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Study protocol for a randomised controlled trial of insulin delivery by continuous subcutaneous infusion compared to multiple daily injections

Overview of attention for article published in Trials, April 2015
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About this Attention Score

  • Above-average Attention Score compared to outputs of the same age (51st percentile)
  • Average Attention Score compared to outputs of the same age and source

Mentioned by

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2 tweeters

Citations

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7 Dimensions

Readers on

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105 Mendeley
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Title
Study protocol for a randomised controlled trial of insulin delivery by continuous subcutaneous infusion compared to multiple daily injections
Published in
Trials, April 2015
DOI 10.1186/s13063-015-0658-5
Pubmed ID
Authors

Jo Blair, John W Gregory, Dyfrig Hughes, Colin H Ridyard, Carrol Gamble, Andrew McKay, Mohammed Didi, Keith Thornborough, Emma Bedson, Lola Awoyale, Emma Cwiklinski, Matthew Peak

Abstract

Intensive insulin therapy with continuous subcutaneous insulin infusion (CSII) devices or multiple daily injections (MDI) reduces the risk of long-term vascular complications of type I diabetes (TID). Both treatments are used routinely, but there is little evidence to demonstrate superiority of either treatment. If CSII treatment reduces the risk of long-term complications or is associated with an improved quality of life (QoL), the additional cost of this therapy may be compensated for by a reduction in long-term health expenditure. If there is no demonstrable difference between treatments, health-care resources may be better invested elsewhere. This study aims to address this gap in knowledge. This is a pragmatic, randomised controlled trial (RCT). Fifteen centres, selected to represent a population with a broad demographic, will recruit 316 patients, newly diagnosed with TID, aged between 7 months and 15 years. Exclusion criteria include additional pathologies or treatments likely to affect glycaemic control and a first-degree relative with TID. Randomisation to CSII or MDI is stratified for age, gender and recruiting centre. The randomised treatment starts within 15 days of diagnosis. Patients will be trained to adjust their insulin dose according to carbohydrate intake and blood glucose level. Study visits coincide with routine clinic appointments at 3, 6, 9 and 12 months when data relating to routine clinical assessments, adverse events and concomitant medications are collected. Health utilities questionnaires are completed at each visit and a diabetes-specific QoL questionnaire (PedsQL) at diagnosis, 6 and 12 months. The primary outcome is glycaemic control (HbA1c) at 12 months. Secondary outcome measures include QoL, insulin use, growth and weight gain, adverse events and a health economics appraisal. This is the first adequately powered RCT comparing CSII and MDI in a non-selected population, treated according to standard practice guidelines. It will produce data that are meaningful to individual patients and local and national policymakers. The study was registered with the European Clinical Trials Database on 4 November 2010, reference 2010-023792-25 .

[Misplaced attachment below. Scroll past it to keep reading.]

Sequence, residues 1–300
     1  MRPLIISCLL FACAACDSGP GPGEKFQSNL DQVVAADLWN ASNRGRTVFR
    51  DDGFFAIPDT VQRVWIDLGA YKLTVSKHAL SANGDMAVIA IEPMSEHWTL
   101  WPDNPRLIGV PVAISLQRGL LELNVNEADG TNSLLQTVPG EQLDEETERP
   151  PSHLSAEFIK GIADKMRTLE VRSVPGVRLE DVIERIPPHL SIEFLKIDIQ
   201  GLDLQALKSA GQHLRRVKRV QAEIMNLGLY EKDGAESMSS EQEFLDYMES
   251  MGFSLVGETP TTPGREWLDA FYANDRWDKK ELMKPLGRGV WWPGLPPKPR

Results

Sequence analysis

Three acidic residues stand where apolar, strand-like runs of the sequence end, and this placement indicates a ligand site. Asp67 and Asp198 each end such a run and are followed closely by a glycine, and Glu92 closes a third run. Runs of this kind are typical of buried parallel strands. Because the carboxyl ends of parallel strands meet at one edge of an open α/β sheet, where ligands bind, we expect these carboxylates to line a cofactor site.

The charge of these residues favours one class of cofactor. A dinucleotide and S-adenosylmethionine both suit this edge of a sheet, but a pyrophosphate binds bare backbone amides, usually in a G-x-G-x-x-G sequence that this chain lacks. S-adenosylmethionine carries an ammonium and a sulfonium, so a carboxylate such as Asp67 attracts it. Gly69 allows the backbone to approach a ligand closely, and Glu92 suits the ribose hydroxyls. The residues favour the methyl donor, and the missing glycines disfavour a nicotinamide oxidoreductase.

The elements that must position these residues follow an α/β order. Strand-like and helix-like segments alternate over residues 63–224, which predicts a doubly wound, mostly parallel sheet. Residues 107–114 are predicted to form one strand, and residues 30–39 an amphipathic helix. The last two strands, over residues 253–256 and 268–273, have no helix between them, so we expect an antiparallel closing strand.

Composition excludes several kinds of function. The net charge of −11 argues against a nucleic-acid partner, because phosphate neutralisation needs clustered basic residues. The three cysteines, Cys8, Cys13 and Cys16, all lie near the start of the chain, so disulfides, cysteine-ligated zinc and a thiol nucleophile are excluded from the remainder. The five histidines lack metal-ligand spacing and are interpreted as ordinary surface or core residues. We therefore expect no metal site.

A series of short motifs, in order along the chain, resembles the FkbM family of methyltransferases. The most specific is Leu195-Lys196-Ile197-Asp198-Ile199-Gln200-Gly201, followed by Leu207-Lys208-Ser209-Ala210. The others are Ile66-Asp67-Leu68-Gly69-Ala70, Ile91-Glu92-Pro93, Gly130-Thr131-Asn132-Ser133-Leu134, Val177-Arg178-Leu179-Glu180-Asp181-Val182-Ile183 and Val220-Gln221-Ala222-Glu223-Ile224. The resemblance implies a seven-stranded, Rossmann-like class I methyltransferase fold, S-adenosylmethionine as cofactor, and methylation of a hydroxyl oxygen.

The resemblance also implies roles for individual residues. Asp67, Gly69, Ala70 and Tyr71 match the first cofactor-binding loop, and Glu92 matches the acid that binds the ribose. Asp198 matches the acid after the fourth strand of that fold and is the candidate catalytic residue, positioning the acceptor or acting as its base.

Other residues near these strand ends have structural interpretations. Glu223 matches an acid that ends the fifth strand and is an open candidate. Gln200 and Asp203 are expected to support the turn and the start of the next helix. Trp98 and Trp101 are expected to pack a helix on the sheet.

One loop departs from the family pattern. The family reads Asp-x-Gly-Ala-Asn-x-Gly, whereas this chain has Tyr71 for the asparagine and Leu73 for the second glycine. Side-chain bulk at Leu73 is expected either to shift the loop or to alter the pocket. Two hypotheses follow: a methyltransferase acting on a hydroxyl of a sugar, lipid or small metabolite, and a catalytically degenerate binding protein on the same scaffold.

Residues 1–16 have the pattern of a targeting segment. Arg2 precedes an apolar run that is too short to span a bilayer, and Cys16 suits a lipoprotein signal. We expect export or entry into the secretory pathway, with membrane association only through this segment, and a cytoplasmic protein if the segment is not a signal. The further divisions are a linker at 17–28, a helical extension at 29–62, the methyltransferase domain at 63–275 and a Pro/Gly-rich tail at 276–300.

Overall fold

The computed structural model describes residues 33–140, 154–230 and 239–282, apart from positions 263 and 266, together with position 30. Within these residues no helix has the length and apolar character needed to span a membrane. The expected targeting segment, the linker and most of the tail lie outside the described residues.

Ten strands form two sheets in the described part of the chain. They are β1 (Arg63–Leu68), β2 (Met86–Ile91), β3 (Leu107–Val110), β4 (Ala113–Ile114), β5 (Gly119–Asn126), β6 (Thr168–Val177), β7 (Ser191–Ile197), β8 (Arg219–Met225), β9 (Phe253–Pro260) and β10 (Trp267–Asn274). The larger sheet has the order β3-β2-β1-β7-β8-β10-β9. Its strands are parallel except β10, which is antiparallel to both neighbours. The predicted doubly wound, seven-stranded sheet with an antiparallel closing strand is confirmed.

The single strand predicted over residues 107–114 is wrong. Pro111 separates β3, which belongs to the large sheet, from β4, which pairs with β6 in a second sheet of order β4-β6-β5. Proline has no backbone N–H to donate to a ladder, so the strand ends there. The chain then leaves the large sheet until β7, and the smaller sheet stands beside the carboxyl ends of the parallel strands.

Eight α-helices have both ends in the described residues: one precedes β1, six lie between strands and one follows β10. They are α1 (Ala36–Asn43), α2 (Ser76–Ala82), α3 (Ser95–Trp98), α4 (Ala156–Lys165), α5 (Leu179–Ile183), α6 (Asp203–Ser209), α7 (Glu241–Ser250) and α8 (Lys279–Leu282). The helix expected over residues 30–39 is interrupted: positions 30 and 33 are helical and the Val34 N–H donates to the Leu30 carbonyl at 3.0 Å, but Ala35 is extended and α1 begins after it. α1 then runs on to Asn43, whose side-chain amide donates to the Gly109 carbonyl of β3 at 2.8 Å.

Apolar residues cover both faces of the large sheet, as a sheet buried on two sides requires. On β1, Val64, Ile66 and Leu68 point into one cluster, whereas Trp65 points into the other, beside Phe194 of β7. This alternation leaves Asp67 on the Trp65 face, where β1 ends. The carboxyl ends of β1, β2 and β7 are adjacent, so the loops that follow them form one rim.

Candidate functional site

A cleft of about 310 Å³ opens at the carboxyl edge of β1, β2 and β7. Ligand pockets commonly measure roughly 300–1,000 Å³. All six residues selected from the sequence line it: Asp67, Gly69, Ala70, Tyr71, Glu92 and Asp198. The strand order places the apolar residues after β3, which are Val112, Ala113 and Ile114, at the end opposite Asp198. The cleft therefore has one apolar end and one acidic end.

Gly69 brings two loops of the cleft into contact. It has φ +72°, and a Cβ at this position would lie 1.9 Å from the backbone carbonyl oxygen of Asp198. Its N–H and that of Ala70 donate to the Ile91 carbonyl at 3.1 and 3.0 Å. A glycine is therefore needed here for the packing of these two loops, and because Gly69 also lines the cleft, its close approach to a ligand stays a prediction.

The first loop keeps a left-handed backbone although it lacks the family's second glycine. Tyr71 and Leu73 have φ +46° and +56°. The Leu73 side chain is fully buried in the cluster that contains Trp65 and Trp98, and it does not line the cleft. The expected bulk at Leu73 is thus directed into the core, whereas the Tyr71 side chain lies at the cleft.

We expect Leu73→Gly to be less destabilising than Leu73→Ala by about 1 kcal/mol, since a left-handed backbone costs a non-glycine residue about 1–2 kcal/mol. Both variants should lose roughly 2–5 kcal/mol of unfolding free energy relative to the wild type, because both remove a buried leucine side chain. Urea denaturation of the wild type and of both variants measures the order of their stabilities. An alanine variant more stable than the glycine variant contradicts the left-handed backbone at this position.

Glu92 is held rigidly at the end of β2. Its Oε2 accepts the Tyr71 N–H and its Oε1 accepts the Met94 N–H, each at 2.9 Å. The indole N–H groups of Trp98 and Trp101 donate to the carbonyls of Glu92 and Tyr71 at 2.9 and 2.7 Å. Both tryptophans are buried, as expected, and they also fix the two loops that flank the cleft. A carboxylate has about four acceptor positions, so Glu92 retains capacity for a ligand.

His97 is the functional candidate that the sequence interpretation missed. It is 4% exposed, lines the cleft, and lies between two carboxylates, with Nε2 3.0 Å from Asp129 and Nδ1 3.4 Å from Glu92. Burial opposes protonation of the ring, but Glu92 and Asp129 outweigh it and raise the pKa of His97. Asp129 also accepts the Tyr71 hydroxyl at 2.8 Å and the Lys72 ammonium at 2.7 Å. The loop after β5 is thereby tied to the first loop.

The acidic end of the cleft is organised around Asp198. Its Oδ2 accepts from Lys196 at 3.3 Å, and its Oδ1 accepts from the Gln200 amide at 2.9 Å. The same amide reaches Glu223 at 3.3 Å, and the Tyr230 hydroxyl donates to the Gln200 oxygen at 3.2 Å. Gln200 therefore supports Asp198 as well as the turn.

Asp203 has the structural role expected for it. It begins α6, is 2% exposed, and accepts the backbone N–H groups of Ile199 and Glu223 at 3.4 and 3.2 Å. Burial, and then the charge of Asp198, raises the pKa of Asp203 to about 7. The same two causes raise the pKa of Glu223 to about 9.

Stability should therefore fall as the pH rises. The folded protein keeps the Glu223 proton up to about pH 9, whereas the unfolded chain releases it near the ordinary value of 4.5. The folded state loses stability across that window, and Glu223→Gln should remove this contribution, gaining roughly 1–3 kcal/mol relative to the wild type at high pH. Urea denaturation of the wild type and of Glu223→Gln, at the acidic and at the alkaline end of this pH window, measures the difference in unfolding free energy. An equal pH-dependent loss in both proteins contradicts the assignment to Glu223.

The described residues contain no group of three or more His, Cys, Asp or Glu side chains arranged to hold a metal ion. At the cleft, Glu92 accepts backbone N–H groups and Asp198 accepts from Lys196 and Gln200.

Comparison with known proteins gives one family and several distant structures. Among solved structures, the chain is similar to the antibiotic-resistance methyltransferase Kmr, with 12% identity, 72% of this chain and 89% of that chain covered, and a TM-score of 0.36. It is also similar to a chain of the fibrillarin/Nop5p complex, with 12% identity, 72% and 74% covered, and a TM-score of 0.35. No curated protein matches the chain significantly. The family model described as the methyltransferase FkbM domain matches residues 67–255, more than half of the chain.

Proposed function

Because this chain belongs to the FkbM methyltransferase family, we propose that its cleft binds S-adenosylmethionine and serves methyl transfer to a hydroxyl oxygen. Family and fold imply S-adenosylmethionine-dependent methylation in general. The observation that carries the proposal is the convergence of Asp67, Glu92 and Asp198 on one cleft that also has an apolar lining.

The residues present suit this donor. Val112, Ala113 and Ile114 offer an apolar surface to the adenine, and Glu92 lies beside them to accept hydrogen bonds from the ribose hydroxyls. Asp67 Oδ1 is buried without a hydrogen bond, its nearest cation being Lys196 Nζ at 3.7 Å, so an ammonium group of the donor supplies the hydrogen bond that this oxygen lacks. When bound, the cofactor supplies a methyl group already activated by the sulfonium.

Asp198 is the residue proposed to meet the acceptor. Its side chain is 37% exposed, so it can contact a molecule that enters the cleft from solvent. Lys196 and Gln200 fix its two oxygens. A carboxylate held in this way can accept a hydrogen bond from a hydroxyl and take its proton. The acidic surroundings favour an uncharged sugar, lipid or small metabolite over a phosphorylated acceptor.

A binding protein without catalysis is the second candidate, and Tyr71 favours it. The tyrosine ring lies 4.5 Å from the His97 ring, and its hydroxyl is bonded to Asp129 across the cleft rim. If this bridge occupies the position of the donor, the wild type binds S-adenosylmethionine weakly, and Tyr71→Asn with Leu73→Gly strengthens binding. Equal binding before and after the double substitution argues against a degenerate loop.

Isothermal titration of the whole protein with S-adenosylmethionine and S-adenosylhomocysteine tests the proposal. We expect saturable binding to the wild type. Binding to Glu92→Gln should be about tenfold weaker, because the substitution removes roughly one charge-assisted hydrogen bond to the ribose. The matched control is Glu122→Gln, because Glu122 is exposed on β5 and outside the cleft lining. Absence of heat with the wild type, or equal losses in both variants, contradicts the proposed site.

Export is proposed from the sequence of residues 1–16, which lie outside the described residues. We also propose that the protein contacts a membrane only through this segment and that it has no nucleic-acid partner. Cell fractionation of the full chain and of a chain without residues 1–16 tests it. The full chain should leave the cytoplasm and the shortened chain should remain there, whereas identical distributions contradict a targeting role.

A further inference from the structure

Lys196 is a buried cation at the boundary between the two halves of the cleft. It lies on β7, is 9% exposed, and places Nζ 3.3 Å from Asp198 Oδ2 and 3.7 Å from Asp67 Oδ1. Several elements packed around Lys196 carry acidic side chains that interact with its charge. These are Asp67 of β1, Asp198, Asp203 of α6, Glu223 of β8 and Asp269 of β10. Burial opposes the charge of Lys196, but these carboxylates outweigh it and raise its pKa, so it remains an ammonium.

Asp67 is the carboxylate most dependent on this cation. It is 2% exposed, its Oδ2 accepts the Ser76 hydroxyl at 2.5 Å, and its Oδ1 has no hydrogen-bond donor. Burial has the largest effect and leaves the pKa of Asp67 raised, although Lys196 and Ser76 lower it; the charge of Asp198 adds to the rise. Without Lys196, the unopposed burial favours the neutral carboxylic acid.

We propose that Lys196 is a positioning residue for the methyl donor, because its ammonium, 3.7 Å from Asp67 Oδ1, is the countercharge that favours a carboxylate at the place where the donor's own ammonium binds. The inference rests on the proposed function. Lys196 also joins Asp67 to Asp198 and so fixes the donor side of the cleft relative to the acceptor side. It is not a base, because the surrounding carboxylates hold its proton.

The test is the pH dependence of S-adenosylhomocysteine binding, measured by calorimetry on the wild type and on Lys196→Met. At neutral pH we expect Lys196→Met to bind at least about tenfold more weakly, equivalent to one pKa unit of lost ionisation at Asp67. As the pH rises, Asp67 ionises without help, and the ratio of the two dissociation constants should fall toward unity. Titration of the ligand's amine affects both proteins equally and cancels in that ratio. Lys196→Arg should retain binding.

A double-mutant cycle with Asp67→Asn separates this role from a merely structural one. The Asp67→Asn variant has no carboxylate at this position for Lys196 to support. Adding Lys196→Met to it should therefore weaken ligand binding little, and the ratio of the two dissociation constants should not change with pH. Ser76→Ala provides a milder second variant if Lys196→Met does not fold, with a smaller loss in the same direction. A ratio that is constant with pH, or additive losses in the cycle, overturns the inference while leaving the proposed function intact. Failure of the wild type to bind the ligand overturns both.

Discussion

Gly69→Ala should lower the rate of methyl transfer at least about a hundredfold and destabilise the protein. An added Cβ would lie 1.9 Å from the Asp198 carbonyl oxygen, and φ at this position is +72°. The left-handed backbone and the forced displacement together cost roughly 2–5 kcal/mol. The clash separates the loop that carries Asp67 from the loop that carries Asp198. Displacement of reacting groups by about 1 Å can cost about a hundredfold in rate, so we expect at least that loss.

Twitter Demographics

The data shown below were collected from the profiles of 2 tweeters who shared this research output. Click here to find out more about how the information was compiled.

Mendeley readers

The data shown below were compiled from readership statistics for 105 Mendeley readers of this research output. Click here to see the associated Mendeley record.

Geographical breakdown

Country Count As %
Finland 1 <1%
Unknown 104 99%

Demographic breakdown

Readers by professional status Count As %
Student > Master 14 13%
Student > Bachelor 12 11%
Researcher 11 10%
Other 9 9%
Student > Postgraduate 9 9%
Other 24 23%
Unknown 26 25%
Readers by discipline Count As %
Medicine and Dentistry 34 32%
Nursing and Health Professions 15 14%
Pharmacology, Toxicology and Pharmaceutical Science 6 6%
Psychology 4 4%
Agricultural and Biological Sciences 3 3%
Other 16 15%
Unknown 27 26%

Attention Score in Context

This research output has an Altmetric Attention Score of 2. This is our high-level measure of the quality and quantity of online attention that it has received. This Attention Score, as well as the ranking and number of research outputs shown below, was calculated when the research output was last mentioned on 22 May 2015.
All research outputs
#7,176,260
of 12,434,754 outputs
Outputs from Trials
#1,900
of 3,032 outputs
Outputs of similar age
#102,776
of 224,689 outputs
Outputs of similar age from Trials
#22
of 44 outputs
Altmetric has tracked 12,434,754 research outputs across all sources so far. This one is in the 40th percentile – i.e., 40% of other outputs scored the same or lower than it.
So far Altmetric has tracked 3,032 research outputs from this source. They typically receive a little more attention than average, with a mean Attention Score of 7.1. This one is in the 34th percentile – i.e., 34% of its peers scored the same or lower than it.
Older research outputs will score higher simply because they've had more time to accumulate mentions. To account for age we can compare this Altmetric Attention Score to the 224,689 tracked outputs that were published within six weeks on either side of this one in any source. This one has gotten more attention than average, scoring higher than 51% of its contemporaries.
We're also able to compare this research output to 44 others from the same source and published within six weeks on either side of this one. This one is in the 45th percentile – i.e., 45% of its contemporaries scored the same or lower than it.